Marjorie Writes…

Everyday Musings of an Extraordinary Woman

Archive for the tag “#notmydaughter”

#notmydaughter Revisited

So if you read my last post, you know my daughter was sexually harassed in school this past week. It started Monday, continued Wednesday, and I reported it Thursday morning. I went in to talk to her principal, told him the story, and was pretty reassured by his response. One of my greatest concerns was whether she would have to face a backlash for reporting it. He told me that was considered retribution, which is a felony, and would not be tolerated. I had no clue that was the case, but it definitely made me feel better.

When I went in to speak with the principal, I wanted to see them talk to the student and his parents and let them know this was unacceptable behavior. And hopefully see if he could be moved into a different class time (esp since he just transferred into that class this semester, a matter of weeks ago). I was told this would be referred to the police. That gave me pause, for as wrong as what he did was, I also know it was only words and I would hate to affect his future, in terms of college. The principal said he was already in trouble (legal) and maybe this would be what he needed to make a change. As I was leaving his office, I heard him telling the assistant to call my daughter in.

She let me know after she went in, and he had her fill out an incident report after he listened to her version of events. She gave him the name of the witness, and talked to the police officer, who also asked her if she had the same lunch period as the boy. She didn’t know. He hadn’t been on her radar – she’d talked to him a few times before this past week, in the class he was now in, about the work.

Today my daughter would have had class with him again. Instead, she left school early (not because of him) to go to her favorite weekend activity – her beloved USY kallah weekend. I swear, she lives for these weekends. I’m so glad it just happened to come after this past week! I reached out, by email, to the principal, this afternoon, to ask if the boy had been transferred out of her class, as she wanted to make sure. He called me himself and told me it had been done, and that the boy had been warned, by the police officer, that if he talks to her or has his friends talk to her, she is to let them know immediately. The principal told the boy if that were to happen, the police would be going to the district attorney to have charges filed.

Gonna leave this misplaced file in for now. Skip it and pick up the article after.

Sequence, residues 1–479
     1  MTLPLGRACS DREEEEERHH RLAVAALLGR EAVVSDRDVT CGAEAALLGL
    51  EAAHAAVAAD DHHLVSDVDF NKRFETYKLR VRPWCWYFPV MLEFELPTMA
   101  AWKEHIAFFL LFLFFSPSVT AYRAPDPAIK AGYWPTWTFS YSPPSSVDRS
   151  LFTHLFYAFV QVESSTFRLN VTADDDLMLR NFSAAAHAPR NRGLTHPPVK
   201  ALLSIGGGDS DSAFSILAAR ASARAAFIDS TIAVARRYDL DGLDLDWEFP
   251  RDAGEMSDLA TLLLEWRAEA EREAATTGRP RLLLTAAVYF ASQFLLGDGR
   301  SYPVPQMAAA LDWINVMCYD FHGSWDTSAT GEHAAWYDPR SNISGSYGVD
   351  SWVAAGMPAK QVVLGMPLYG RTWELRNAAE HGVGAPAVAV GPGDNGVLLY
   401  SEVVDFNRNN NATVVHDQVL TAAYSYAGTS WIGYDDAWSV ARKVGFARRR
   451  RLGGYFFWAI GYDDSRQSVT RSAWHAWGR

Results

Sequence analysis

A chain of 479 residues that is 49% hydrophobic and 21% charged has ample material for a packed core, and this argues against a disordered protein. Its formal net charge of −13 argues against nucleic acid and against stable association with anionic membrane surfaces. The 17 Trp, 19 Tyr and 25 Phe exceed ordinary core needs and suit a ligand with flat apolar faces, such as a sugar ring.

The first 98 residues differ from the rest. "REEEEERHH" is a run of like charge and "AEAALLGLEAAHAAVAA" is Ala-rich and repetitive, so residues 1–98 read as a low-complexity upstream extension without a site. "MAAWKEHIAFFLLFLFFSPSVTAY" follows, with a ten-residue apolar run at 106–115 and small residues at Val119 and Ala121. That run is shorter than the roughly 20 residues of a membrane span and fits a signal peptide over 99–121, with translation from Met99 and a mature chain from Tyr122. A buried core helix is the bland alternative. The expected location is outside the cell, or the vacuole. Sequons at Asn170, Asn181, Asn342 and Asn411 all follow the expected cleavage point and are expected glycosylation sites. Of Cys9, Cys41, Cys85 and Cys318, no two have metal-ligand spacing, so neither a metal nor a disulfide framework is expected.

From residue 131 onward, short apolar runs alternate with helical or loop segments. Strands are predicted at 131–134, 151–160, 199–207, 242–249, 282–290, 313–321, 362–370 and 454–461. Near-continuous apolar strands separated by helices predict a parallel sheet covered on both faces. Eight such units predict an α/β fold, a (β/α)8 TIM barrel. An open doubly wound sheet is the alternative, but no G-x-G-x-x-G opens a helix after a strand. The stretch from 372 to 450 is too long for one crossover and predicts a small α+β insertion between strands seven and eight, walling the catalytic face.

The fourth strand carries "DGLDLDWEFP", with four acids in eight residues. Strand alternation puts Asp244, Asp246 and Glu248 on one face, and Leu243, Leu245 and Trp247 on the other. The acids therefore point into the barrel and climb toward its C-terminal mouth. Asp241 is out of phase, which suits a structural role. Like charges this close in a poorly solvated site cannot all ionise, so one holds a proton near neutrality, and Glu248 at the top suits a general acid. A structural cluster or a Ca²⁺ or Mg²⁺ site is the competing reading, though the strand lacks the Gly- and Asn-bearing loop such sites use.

I asked my daughter yesterday evening how she was doing. She said she’s pretty good. With a flip of her long hair, she said, after all, it’s just words so it’s easy to brush off. Still, I had her talk to the CIS counselor in the school this morning so if she has any trouble later, the counselor would have the background to move forward in getting help.

I think she’ll be fine. Thankfully, although they were disturbing words, and left her feeling threatened at the time, as my daughter said, they were just words. She felt strongly about reporting it just because it was so disturbing and she did feel so threatened. That left me thinking. I’m not as worried about her having long-term psychological effects after this experience. Well, after the harassment. The reporting will hopefully leave her feeling empowered and strong.

Now, after-effects of the harassment? Sadly, while most boys/men are respectful even while pursuing you, not all are. I hate to say that she has to learn that at some point, but it’s true. Before you blast me, I’m being completely realistic, not pessimistic, and definitely not engaging in any kind of male bashing. I just know what really goes on in this world. I think her attitude about words being able to be shrugged off will work well for her in the future.

I only hope the boy involved learned a lesson about talking to girls. And respect. And that his “rapey” dialog doesn’t lead to actual rape because someone shut him down before he got to that. Although his comment about liking to “take girls’ virginity” worries me. I hope they were all consensual




I haven’t written and posted anything in here in years. I have been motivated to a few times, last when the synagogue in Pittsburgh was attacked, but life got in the way. Tonight I could no more ignore my need to write than I could forsake my children.

I am so grateful tonight that the open, honest relationship I have worked so hard to cultivate with my children, now both teens, is still open enough with my almost 17-year-old daughter that she could come to me with an important issue.